Angola

April 2006: A trip to Huambo, Angola highlights education successes and malaria dangers

UNICEF Image
© UNICEF Angola/2006/Stark-Merklein
Students outside their brand new primary school in Dende, Angola, built with funds from UNICEF Germany as part of the Schools for Africa Initiative.

By Brigitte Stark-Merklein

Brigitte Stark-Merklein, a native of Germany, is currently serving as Communication Officer in the UNICEF Angola office in Luanda, the capital. She reports here on a recent trip to Huambo, Angola’s second city, located 600 km southwest of Luanda.

HUAMBO, Angola, April 2006 – We arrived in Huambo yesterday and though I’ve been in the country for two weeks only, I’m enjoying the break from Luanda’s heat and constant traffic jams. Today we are heading to Dende, a small village 20 km from Huambo, to visit a primary school built recently with funds from UNICEF Germany. We want to see the finished building and speak to some of the schoolchildren.

Just a couple of years ago, the dirt road we are travelling on could have been a death trap. Huambo was in the firing line throughout Angola’s civil war, and surrounding areas were heavily mined. But since the fighting factions signed a peace agreement four years ago, recovery has begun and mines have been cleared out of the region.

As we bump along in our 4x4, we see reminders everywhere of how things were before the war, bombed-out factories that used to manufacture construction materials, textiles, leather goods and foodstuffs. This region used to be the country’s breadbasket, but now people find it difficult to feed themselves.

Schools for Africa initiative

Our driver carefully negotiates large mud puddles as we pass women with children tied to their backs, walking toward Huambo to sell the wares they carry on their heads. Men on bicycles or scooters braving the rough terrain are overtaken dangerously close by petroleum trucks coming from the coast.

In Dende, we are greeted by dozens of children playing outside the new school building. They all want me to take their pictures, and the boys push and shove to get into the foreground. It takes some convincing to have them make room for a few girls.

Most of the kids remember Peter Kraemer, a German entrepreneur and sponsor of the Schools for Africa initiative  who visited Dende last year. Then, all that existed were an empty lot and children’s dreams of education. One year on, the new pink school building stands as a symbol of hope for a better future for the 262 boys and girls who are enrolled.

In the last 12 months, UNICEF has rehabilitated or constructed 142 schools in the country, of which 50 are in the province of Huambo.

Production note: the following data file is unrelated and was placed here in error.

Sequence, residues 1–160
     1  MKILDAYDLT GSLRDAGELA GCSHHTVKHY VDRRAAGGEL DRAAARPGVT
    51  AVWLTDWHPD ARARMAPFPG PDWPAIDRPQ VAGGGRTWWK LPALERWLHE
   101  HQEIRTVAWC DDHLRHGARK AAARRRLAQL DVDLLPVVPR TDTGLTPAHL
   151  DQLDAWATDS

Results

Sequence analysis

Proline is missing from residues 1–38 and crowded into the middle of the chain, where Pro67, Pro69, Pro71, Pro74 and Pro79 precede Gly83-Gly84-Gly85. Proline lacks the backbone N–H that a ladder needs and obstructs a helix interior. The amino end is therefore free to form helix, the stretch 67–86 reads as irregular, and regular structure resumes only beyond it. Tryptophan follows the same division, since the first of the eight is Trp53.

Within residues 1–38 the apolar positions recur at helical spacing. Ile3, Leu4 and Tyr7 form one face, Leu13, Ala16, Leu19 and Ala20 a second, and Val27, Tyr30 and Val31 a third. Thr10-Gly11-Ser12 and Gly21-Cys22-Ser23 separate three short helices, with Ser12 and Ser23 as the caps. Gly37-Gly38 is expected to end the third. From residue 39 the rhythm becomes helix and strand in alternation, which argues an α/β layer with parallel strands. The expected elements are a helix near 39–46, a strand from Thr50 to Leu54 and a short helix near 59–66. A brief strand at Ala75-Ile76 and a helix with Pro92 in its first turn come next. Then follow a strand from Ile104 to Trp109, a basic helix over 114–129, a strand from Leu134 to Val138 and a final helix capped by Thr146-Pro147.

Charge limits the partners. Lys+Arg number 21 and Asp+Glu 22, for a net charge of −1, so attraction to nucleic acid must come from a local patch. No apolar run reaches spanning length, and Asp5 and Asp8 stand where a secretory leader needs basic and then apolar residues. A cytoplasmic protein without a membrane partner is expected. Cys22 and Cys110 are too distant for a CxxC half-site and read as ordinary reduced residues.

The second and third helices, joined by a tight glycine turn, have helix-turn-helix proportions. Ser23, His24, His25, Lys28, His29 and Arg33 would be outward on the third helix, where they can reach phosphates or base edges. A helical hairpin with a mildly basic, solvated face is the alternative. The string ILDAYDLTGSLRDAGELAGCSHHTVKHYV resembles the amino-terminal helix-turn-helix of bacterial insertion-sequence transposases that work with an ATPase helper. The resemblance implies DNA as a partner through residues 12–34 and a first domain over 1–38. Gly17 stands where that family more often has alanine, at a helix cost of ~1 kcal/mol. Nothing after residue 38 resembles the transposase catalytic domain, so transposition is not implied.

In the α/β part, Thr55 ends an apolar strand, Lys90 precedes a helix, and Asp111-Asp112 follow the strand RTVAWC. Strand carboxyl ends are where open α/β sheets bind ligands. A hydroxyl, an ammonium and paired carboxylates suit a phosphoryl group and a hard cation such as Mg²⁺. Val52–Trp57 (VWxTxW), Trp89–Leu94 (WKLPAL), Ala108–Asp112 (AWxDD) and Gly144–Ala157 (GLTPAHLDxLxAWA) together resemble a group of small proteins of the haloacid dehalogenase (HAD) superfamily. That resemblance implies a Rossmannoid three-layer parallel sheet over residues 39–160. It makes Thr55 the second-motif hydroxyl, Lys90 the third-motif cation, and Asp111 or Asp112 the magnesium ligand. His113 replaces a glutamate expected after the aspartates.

I speak to Joaquina Munga and Severina Kachicusa, two 13-year-olds whose story is representative of many children’s lives in this area: They were born here but had to flee the fighting and returned only recently from Huambo, where they and their families sat out the war. They didn’t go to school before and, now in second grade, hardly know how to write their names.

“I want to learn everything they teach us at school,” says Joaquina. Her dream is to become a teacher and live in Huambo. In isolated areas like this one, female teachers are often the only role model girls see – so it is not surprising that Severina, too, wants to be a teacher.

UNICEF Image
© UNICEF Angola/2006/Stark-Merklein
Girls outside Dende primary school show off their notebooks, carried in plastic bags by those who can’t afford school bags.

The curse of malaria

Huambo province will be covered by the upcoming Measles Plus Campaign, a huge operation organized by the government, the World Health Organization, UNICEF and other partners to fight measles, polio and malaria (and to distribute Vitamin A and de-worming medicines). UNICEF will distribute over 1 million insecticide-treated mosquito nets to prevent malaria throughout the country during 2006.

A nurse at Huambo’s Central Hospital confirms that malaria is by far the most common cause for admissions to the hospital – perhaps unsurprising given that it is the leading cause of mortality in Angola, for both adults and children. He leads us to the Intensive Care Unit, where Alicia Manuel, 12, has been in a malaria coma for 22 days.

Alicia’s sister, Hilaria, who is holding vigil outside the hospital along with her two grandmothers and an aunt, tells us that Alicia had been complaining about headaches for a couple of days before the family finally brought her to the hospital. “She walked to the hospital by herself,” says Hilaria, “but since she’s been admitted things got worse.”

Hilaria and other relatives have been camping out under trees facing the emergency unit entrance throughout Alicia’s hospitalization. They, like several other groups of women who have family members in the hospital, will go home only when their loved ones are discharged, dead or alive.

As we watch the coming and going of scooter taxis dropping off patients, and mothers rushing freshly prepared food to the ill children inside, I think about the upcoming campaign and wonder about Alicia. Where would be right now if she had slept under a mosquito net the night she got infected?


 

 

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